Wake-up call? Afghanistan highlights need for 'autonomous' EU military force
The collapse of Afghanistan's government, the Taliban’s takeover of the country, and the rush to evacuate European citizens and Afghan employees have highlighted the European Union’s need for its own rapid-reaction military force, senior EU officials say.
As the foreign and defense ministers of member states gather in Slovenia this week to discuss the EU's approach to the Afghan crisis, officials said in interviews and public remarks that the 27-nation bloc's dependence on U.S. troops during the airlift of evacuees demonstrated the EU's lack of preparedness and independence.
“As a global economic and democratic power, can Europe be content with a situation where we are unable to ensure, unassisted, the evacuation of our citizens and those under threat because they have helped us?" European Council President Charles Michel said Wednesday. "In my view, we do not need another such geopolitical event to grasp that the EU must strive for greater decision-making autonomy and greater capacity for action in the world.”
After the Biden administration pulled most of its military personnel from Afghanistan, Taliban militants took control of the conflict-ravaged country in just a few weeks as the NATO-trained Afghan national security forces withered. NATO allies that had relied on U.S. airpower, transportation and logistics during their two decades in Afghanistan said they were forced to pull out, too.
And without U.S support and equipment, European countries would not have been able to guarantee the safe passage of their citizens or even their troops out of Afghanistan.
Amid calls for “European strategic autonomy” from a non-member like the United States, EU foreign affairs chief Josep Borrell said Wednesday in a opinion piece for The New York Times that the withdrawal of Western troops and airlift from Afghanistan should serve as a “wake-up call” and urged the bloc to invest more in its security capabilities.
“Europe and the United States were united as never before in Afghanistan: It was the first time that NATO’s Article 5, committing all members to defend one another, was invoked. And for many years, Europeans provided a strong military commitment and an important economic aid program, amounting to a total of 17.2 billion euros, or $20.3 billion,” Borrell wrote.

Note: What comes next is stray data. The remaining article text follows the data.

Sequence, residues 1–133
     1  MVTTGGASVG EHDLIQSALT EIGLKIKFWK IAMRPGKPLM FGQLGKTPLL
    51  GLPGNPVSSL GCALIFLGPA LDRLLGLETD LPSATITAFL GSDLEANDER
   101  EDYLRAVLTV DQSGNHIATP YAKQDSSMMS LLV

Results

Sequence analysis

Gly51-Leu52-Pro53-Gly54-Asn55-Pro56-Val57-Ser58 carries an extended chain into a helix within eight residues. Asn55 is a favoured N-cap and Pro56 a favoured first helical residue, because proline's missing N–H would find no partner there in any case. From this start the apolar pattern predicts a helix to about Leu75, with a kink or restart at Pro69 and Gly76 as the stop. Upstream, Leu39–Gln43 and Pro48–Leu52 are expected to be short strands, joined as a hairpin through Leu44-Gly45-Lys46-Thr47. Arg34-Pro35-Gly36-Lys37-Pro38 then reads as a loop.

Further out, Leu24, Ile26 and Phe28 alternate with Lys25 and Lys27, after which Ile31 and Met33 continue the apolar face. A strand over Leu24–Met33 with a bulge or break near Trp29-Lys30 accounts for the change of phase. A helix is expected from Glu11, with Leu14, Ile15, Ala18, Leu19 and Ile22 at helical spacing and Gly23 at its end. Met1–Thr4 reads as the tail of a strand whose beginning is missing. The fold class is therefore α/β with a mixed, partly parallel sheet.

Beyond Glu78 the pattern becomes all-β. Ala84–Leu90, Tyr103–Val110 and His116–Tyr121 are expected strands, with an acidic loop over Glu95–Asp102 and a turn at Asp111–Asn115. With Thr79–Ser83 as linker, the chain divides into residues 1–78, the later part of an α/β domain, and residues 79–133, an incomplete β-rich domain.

“But in the end, the timing and nature of the withdrawal were set in Washington. We Europeans found ourselves - not only for the evacuations out of the Kabul airport but also more broadly - depending on American decisions,” the EU's top diplomat said.
To better address any future crises at Europe's doorstep, EU member nations have floated the idea of setting up a 5,000-member stand-by-force capable of quickly intervening.
“This is a number that can make a big difference in many different situations,” one senior EU official said this week. The person spoke anonymously in accordance with EU practices. He said the U.S deployed around 5,000 troops to secure the Kabul airport, and held up as an example the 5,000-soldier anti-jihadist French military force based in the Sahel region.
France and Germany have pushed for years for the creation of such a force, with both Chancellor Angela Merkel and French president Emmanuel Macron repeatedly calling for a true European army. While discussions about establishing one are far from complete, the idea has gained renewed support in the wake of what happened in Afghanistan.
Spain’s top military official, Chief of Staff Teodoro López Calderón, told El Mundo newspaper in an interview published Wednesday that the EU’s dependence on the U.S. has been “absolute” and that the bloc must develop a military force to be a relevant player on the international scene.
“If not, it will never be one,” he said. “Creating a European army means having a common foreign policy and that we all share the same interests. This is a political leap that still must be achieved. But I don’t think there is any doubt that Brussels should increase its military capacity. That is one of the important consequences of what happened in Afghanistan.”
Jana Puglierin, a security and defense policy expert at the European Council on Foreign Relations think tank, said that since the United States is no longer interested as serving as the “world’s policeman,” the pressure has increased on Europeans to step up.
“In the future, the European Union will need to enhance its contribution to crisis prevention, stabilization, and peacebuilding,” Puglierin said. “The Afghanistan mission has forcefully demonstrated to the Europeans how much they depend on American capabilities.”
The idea of a European military force first got discussed in the 1990s with the Balkans wars surrounding the bloody breakup of Yugoslavia in mind. Back then, the EU set a military target of putting at the bloc’s disposal up to 60,000 troops capable of deployment within 60 days.
Instead, the EU later created rapid reaction teams comprising about 1,500 personnel, but they have never been used in a major crisis, and the bloc does not deploy EU missions to active conflict zones.
Another senior EU official said the currently discussed military force would be “much bigger” than the current standby forces if member countries reach a consensus. He said the troops would train and conduct exercises together, and that parts of the costs would be covered through common funding.
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